Lothian boxer ‘almost died’ in golf club horror as a child

Josh Taylor has spoken out about being seriously injured after being struck with a golf club as a child, Picture: John Devllin
Josh Taylor has spoken out about being seriously injured after being struck with a golf club as a child, Picture: John Devllin
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A boxer set to challenge for a world title this year has spoken out about coming close to death as a young boy when his cousin accidentally thumped him with a golf club.

East Lothian boxer Josh Taylor was inches from death after, at the age of 10, he was caught in the face with golf club.

Taylor needed 90 stitches and was forced to eat through a straw for three months following the incident 17 years ago.

The traumatic experience didn’t turn Taylor off a career in boxing - but possibly wasn’t the ideal preparation for his career in the ring.

Speaking to a national newspaper, he said: “I was teaching my cousin Sarah how to swing a club when she hit me in the face with a custom-made seven iron made by my granddad.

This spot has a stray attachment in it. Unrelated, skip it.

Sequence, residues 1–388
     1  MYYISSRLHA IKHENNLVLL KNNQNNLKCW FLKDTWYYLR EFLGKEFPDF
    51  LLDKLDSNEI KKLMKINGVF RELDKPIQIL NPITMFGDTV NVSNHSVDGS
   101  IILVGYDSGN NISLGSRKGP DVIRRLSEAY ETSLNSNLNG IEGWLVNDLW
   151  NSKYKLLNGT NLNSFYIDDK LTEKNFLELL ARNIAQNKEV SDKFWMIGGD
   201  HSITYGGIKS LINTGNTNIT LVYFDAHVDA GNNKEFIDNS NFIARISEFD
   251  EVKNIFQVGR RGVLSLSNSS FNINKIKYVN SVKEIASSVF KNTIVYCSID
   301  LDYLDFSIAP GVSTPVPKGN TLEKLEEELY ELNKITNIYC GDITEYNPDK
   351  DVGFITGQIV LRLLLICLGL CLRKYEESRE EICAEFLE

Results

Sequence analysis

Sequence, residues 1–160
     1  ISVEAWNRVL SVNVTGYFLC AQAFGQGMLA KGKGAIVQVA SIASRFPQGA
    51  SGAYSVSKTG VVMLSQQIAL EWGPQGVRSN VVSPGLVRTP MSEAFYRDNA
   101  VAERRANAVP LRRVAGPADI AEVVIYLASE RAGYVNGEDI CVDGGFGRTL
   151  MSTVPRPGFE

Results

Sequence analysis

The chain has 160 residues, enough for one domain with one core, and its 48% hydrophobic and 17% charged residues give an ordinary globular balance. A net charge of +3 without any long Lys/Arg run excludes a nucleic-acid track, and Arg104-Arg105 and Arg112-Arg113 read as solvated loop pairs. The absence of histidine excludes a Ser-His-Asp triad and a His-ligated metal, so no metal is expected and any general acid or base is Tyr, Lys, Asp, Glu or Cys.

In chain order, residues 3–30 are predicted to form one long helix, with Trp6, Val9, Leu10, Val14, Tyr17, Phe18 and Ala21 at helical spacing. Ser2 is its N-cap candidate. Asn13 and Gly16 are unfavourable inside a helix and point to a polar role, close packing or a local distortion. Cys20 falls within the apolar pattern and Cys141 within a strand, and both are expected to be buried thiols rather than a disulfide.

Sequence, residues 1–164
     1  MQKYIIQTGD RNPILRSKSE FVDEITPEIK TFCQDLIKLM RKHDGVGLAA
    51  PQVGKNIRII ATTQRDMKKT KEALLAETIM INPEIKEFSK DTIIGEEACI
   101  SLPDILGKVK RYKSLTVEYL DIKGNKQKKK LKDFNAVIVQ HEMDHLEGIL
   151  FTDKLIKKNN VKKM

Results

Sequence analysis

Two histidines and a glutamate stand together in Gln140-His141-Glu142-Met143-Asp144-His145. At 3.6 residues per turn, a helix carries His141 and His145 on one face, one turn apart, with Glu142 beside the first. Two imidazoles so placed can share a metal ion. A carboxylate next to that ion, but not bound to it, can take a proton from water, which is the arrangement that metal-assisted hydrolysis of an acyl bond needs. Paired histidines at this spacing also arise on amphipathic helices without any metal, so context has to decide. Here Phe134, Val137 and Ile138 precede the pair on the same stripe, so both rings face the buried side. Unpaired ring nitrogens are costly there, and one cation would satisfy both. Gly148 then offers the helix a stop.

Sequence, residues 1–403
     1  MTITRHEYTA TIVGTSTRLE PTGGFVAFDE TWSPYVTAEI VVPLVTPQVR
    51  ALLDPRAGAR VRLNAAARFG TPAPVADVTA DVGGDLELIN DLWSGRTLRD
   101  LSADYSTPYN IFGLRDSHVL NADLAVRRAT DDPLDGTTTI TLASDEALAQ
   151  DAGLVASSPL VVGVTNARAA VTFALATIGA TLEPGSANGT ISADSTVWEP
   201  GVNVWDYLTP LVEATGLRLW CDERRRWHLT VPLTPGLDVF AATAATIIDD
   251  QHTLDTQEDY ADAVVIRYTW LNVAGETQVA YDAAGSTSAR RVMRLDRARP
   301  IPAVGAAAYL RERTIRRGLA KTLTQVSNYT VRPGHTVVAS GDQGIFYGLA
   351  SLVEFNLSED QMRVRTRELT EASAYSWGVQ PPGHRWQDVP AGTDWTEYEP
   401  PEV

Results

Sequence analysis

“I felt the crack. It was like getting slapped in the ear, the buzzing noise. I never went down. I wasn’t knocked out. I just stood there.”

READ MORE: Golden memories for Josh Taylor but he’s planning to make plenty more

Taylor was covered in blood after the incident, but somehow, was not knocked out.

He stayed in hospital for two weeks and said his face “was like a balloon, black and blue” when he was discharged.

He added: “My mates were coming to see me but I coudn’t eat anything. I was fed through a straw for about three months.

“My diet was chicken soup and cheesy Wotsits for three months - it was mental.

“I saw the doctor and he said if it had hit me an inch either side of where it did then I would have been paralysed or dead.”

The boxer is set to make his return to the SSE Hydro, where he won Commonwealth gold in 2014. The 27-year-old will take on Mexico’s former three-weight world champion, Humberto Soto.

Taylor, the current WBC Silver super lightweight champion, was only six years old when his upcoming opponent – a former WBC super featherweight, featherweight and lightweight world champion – made his professional debut in his hometown Los Mochis in September 1997.

The Lothin fighter, however, can take a surge of confidence from his previous triumph, when he stopped Soto’s compatriot Miguel Vazquez in the ninth round at the Royal Highland Centre in November. Vazquez, another former world lightweight champion, had never been stopped in 44 contests.